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Discussion Starter #1
Alright, I know I'm a "noob" and all, but I understand the basic concept of the internal combustion engine. So, with that in mind, why do so many people seem to be so obsessed about making their engine low compression when they're going turbo? Maybe if you're planning on running 20-30psi it would make sense, but on a smaller displacement engine with a fairly low boost setting what's the point of going low compression? You're only going to get even worse low end throttle response than you already do with pretty much ANY four cylinder Honda (or any relatively small displacement four cylinder). All forced induction is doing is increasing your compression ratio anyway, so if you start with a moderate ratio to begin with (9-10:1 or so) it seems you'd have better low end throttle response to carry you up to when boost peaks. Maybe someone could help me out with this as I could be wrong. By the way, this icon is hilarious:IHI:
 

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uve got the right idea. u dont really want a super low compression piston because when ur out of boost it will be a dog.

IMO on a d-series the best turbo compression is 9-1 because thats just a tiny tiny bit lower than stock compression. and u will still have decent 'out of boost' response. while also creating faster spool times.
 

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R2.....Zap Balls
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Mine is around 8.5 to1 compression bored .020 with wiseco pistons and eagle rods. It drives just as good or better than my stock compression did. Granted mine is running 20.5 psi, but for the most part I just drive it around in vac. You want to go lower on the compression to allow for a more aggressive tune and allows a little more room for error. The higher your compression when tuning, the more dead on perfect the tune has to be.
 

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Discussion Starter #6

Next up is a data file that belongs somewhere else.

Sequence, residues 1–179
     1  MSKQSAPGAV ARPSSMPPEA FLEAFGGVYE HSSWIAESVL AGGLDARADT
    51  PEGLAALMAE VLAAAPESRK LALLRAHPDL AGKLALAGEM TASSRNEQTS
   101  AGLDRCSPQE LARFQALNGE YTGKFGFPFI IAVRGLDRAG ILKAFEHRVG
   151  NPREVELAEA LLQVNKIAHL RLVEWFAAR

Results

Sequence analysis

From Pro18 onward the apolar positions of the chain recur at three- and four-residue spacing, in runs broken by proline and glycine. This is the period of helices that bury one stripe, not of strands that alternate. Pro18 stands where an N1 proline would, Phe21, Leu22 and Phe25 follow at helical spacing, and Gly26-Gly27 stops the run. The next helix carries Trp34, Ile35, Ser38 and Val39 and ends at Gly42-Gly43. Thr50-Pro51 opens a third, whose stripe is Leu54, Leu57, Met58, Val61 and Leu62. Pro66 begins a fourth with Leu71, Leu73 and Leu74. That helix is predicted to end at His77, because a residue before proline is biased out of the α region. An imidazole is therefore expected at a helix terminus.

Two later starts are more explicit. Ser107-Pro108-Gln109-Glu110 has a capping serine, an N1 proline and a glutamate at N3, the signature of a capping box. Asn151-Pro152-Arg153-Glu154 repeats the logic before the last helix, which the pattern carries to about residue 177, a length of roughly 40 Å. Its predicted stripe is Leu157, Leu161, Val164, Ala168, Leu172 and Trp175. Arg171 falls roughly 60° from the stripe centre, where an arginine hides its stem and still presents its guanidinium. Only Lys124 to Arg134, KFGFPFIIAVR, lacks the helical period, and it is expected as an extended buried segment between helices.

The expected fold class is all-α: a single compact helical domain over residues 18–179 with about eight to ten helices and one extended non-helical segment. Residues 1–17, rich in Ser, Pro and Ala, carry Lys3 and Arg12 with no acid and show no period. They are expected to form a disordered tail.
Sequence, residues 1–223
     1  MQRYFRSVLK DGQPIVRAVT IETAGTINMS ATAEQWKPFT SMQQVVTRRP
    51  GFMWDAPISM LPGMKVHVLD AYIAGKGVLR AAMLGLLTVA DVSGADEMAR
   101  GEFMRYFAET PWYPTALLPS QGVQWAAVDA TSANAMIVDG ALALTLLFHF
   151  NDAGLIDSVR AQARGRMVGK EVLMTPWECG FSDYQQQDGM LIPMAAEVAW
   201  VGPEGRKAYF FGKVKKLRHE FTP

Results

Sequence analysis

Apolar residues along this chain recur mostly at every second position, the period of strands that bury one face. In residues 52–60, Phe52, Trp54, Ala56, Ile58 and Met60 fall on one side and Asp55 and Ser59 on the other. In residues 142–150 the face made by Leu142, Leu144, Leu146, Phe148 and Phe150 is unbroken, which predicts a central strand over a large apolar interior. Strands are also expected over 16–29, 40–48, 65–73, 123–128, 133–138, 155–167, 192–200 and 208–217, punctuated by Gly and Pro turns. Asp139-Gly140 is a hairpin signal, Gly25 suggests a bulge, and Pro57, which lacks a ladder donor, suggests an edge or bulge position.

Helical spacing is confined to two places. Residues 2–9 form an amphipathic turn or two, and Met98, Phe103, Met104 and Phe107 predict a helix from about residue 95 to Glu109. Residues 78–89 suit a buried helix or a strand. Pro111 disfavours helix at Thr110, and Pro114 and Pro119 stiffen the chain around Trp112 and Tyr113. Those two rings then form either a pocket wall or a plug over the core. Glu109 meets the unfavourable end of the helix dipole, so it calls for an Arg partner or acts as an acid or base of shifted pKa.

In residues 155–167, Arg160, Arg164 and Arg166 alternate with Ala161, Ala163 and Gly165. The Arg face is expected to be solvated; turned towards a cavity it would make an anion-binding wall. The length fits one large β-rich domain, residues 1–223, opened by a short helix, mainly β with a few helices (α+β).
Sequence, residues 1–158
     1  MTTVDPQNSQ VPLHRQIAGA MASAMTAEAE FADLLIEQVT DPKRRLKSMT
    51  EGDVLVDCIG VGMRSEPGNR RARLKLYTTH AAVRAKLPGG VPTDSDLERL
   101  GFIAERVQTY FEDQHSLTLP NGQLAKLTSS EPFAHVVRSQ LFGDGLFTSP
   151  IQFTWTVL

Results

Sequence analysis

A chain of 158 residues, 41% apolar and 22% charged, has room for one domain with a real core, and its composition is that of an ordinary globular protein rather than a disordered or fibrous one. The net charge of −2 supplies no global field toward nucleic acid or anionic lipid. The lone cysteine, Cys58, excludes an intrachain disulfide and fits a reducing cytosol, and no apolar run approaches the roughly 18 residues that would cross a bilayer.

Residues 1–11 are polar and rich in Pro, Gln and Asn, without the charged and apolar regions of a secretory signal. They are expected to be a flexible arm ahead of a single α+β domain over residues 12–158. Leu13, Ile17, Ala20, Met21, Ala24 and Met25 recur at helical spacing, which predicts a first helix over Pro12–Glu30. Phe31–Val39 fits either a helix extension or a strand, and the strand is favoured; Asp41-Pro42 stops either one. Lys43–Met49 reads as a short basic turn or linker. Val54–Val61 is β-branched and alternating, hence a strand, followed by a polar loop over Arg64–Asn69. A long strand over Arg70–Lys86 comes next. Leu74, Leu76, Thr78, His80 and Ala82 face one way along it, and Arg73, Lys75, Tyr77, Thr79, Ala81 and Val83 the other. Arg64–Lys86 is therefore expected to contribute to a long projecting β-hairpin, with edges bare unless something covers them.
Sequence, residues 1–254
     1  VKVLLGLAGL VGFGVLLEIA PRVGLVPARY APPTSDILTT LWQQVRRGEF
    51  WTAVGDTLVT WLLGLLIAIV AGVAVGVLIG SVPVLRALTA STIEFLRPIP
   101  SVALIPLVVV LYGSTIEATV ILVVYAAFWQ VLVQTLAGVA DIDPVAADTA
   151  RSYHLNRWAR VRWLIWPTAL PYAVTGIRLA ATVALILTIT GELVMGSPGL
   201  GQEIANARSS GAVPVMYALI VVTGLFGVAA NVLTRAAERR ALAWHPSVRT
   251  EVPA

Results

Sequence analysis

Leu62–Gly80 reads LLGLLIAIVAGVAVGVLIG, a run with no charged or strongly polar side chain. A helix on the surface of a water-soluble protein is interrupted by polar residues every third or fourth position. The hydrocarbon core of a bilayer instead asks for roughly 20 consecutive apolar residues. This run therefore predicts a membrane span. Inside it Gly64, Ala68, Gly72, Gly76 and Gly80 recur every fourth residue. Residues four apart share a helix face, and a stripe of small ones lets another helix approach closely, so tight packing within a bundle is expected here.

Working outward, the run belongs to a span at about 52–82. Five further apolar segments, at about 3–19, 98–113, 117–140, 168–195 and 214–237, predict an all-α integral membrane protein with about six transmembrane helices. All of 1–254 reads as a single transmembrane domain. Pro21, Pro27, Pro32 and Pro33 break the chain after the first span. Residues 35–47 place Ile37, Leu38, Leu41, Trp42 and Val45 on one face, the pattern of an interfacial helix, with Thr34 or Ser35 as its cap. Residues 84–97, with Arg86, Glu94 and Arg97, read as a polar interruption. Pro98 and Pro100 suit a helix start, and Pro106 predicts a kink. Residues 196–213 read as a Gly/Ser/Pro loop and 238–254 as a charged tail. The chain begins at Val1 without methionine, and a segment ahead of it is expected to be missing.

Well, that's what I meant. I understand if you're running fairly high boost you'd want to lower your compression ratio. Kinda like how the stock Evo is running something like 19psi and it has like 8.5:1 comp ratio (I'm not sure if that's completely accurate). But with lower boost is what I was talking about, where you're not relying pretty much soley on boost for your power.

And when I said do "they" make stock comp ratio Z6 pistons I meant does anyone make 9.2:1, not 9.0:1...but I guess there's really not much difference.

I appreciate the responses...and the rabbit with antlers avatar.
 

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I appreciate the responses...and the rabbit with antlers avatar.
thats no rabbit!!.... thats a jackalope!! very very sneeky!!

the main reason people lower the compression is because they want a little room for error incase something happens with the tune. i just personally think people need to put more time and effort into the tuning of their cars and build a stock cr motor with built internals. in my opinion it would be a better way to build a motor.

my friend has a turbo awd talon. he was running on a stock block 20psi with built head and a 60-1 turbo. his car ran its balls off.... the stock cr was around 8.5:1 or so and when we put in his built shortblock with 9:1 cr.... HOLY SHIT!!! you could definately tell the difference with the .5:1 cr increase.
 

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Super low compression for those production model engines are done that way so they are safe for pump gas and any room for error.

In our race engines, B-series setups, we are about 11:1 compression and boosting 30-45psi. It all depends on the piston design. I personally dont like low compression pistons under 9:1 in any setup. I'm doing something like a 10:1 piston on my own D-series Turbo build. I think alot of people are just scared of high compression from all the rumors and myths theyve heard. As long as your tuning the motor properly, and making sure everything is right, a mild high compression is ok for turbo. There's even some racers that I know run 12:1 compression turbo motors.